2. Description of the Related Art

In recent years, a semiconductor device is required to be manufactured at low cost. Therefore, an electronic device using an organic compound in a control circuit, a memory circuit, or the like has been widely developed. Furthermore, an organic EL (Electro-Luminescence), an organic TFT (thin film transistor), an organic semiconductor laser, and the like have developed.

Moreover, a memory device having a memory element using an organic compound has been developed, and a technique of writing data by generating interaction with an organic compound of the memory element due to the generation of internal light of the memory element so as to cause chemical change and changing conductivity in the memory element is proposed. To be concrete, an example of writing data by separating chains of a conjugate molecule by an effect of internal light, heightening chemical reactivity of chemical species added by the effect of light, attacking a conductive material in a cell, and reducing conductivity of bulk is illustrated. (For example, reference 1: JP-T 2001-503183 (page 10, FIG. 6)).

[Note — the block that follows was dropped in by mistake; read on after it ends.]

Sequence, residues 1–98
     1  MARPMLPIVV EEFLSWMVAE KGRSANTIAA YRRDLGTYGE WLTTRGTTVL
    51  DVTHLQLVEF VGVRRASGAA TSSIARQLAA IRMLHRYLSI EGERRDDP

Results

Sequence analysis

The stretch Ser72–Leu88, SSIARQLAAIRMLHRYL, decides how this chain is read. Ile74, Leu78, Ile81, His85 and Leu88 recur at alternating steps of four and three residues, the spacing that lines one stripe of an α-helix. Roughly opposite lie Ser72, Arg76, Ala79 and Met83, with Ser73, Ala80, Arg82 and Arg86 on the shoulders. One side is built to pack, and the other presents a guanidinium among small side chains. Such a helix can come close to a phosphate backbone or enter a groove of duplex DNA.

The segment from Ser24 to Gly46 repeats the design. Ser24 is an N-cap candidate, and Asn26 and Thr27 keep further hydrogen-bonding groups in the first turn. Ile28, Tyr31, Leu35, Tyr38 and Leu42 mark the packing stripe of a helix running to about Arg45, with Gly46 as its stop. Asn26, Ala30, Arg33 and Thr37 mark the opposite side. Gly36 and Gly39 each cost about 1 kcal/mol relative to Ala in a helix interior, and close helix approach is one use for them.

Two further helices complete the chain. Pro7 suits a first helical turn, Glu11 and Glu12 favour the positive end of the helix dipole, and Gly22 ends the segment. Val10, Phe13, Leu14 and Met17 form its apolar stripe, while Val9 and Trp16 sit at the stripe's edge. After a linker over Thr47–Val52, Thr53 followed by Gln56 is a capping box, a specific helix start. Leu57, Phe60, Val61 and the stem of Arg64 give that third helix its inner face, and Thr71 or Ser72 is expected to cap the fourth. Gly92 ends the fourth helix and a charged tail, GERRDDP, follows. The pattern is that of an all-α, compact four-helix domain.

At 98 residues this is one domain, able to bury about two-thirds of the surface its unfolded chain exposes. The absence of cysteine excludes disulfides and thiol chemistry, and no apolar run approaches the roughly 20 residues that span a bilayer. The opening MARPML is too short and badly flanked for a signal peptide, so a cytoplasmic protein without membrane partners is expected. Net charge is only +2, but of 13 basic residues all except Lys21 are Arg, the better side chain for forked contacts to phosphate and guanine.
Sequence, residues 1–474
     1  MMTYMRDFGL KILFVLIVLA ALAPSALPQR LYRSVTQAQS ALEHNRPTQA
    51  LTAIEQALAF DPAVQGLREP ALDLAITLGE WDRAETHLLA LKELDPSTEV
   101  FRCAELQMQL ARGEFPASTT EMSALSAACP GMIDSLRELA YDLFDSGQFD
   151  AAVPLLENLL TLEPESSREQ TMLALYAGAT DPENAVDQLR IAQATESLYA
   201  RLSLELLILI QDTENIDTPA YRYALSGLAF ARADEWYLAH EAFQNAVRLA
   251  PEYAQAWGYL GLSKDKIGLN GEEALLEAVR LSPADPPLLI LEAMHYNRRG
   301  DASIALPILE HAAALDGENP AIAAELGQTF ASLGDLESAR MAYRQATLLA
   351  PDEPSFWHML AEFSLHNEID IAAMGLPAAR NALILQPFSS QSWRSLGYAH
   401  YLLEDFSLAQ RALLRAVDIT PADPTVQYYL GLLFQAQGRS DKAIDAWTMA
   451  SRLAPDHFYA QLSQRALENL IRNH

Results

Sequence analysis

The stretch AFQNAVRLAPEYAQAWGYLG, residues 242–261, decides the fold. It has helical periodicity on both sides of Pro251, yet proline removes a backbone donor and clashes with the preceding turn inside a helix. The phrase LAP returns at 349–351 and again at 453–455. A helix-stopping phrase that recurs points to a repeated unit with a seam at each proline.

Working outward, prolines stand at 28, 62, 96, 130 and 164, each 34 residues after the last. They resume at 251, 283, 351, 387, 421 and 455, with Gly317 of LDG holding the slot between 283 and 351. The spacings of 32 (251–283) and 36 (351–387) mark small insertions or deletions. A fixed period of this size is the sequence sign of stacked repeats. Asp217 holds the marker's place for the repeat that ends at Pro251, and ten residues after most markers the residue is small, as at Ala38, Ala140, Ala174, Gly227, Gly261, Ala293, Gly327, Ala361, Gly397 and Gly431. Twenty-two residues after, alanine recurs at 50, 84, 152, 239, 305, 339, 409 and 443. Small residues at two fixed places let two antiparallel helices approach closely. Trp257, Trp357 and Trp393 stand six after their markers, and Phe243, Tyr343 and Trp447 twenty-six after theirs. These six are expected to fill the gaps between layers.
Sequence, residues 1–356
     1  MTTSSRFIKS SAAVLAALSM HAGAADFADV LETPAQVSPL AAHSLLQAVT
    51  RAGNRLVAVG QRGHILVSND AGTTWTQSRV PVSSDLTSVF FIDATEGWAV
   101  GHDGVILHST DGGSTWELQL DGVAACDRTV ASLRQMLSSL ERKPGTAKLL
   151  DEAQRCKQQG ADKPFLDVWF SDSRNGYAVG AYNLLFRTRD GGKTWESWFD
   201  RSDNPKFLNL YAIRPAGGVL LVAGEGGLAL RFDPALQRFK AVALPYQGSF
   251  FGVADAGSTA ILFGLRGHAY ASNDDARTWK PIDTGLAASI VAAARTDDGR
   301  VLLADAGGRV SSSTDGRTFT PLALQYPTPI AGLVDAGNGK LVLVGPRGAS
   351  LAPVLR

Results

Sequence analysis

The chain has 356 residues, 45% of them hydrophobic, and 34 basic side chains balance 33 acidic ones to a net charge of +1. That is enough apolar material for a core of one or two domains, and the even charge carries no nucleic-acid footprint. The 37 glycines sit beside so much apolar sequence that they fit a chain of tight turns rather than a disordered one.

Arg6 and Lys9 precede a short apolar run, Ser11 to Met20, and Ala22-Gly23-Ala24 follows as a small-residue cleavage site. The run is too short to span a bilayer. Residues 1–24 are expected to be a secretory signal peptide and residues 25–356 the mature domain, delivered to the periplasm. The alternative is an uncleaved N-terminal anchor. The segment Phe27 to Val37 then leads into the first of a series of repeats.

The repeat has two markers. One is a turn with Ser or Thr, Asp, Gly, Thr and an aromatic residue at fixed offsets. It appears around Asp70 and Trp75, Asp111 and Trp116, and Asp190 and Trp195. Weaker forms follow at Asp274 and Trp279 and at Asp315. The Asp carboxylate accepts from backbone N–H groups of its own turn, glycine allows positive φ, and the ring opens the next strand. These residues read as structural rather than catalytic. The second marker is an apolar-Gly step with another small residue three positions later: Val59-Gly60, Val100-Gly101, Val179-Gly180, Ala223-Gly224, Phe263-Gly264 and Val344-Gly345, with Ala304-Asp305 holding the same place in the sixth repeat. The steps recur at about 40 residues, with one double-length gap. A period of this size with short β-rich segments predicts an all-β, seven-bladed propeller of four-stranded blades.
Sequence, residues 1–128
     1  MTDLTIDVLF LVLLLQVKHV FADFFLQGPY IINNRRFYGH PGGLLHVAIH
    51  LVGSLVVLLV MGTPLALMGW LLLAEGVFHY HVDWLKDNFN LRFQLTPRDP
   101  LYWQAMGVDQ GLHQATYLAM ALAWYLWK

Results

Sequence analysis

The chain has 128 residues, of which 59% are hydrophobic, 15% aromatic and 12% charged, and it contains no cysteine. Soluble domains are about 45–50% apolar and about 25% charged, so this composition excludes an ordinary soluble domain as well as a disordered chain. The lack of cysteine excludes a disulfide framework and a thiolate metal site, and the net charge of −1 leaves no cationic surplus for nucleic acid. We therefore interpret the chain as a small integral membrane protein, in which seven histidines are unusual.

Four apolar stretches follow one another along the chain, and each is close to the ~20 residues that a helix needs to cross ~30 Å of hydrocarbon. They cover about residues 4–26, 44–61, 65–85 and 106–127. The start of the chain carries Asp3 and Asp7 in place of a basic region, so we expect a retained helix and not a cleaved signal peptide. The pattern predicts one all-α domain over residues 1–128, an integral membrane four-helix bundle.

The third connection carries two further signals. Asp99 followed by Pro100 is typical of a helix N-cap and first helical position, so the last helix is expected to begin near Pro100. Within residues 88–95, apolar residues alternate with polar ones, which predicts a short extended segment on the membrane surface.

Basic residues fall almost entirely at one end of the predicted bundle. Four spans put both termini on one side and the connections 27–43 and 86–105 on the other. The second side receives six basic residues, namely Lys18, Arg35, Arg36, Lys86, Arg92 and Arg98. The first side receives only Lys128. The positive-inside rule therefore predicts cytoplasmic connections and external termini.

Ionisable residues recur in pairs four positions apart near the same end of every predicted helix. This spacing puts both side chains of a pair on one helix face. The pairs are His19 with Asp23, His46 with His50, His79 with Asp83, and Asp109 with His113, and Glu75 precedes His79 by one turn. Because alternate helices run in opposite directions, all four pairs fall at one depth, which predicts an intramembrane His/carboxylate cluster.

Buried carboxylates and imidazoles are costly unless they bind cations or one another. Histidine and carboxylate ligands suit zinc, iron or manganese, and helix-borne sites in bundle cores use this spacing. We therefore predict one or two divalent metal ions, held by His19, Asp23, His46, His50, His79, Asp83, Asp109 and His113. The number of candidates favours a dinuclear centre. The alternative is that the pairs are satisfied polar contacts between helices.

SUMMARY OF THE INVENTION

However, in the memory device shown in the reference 1, when a conjugated molecule is chain-separated by generation of internal light so as to write data, a plurality of reaction products are formed since it is difficult to control a product generated due to chain separation. Moreover, when data is written by a technique of attacking a conductive material in a cell with chemical species in which chemical reactivity is heightened by the generation of the internal light and reducing conductivity of bulk, radical is generated and reaction is advanced. Thus, the stopping of the reaction is difficult to control; as a result, it is difficult to form an arbitrary product. Therefore, there are problems that conductivity of a memory element after writing in can not be controlled, variation in a written result is generated, and writing success is reduced.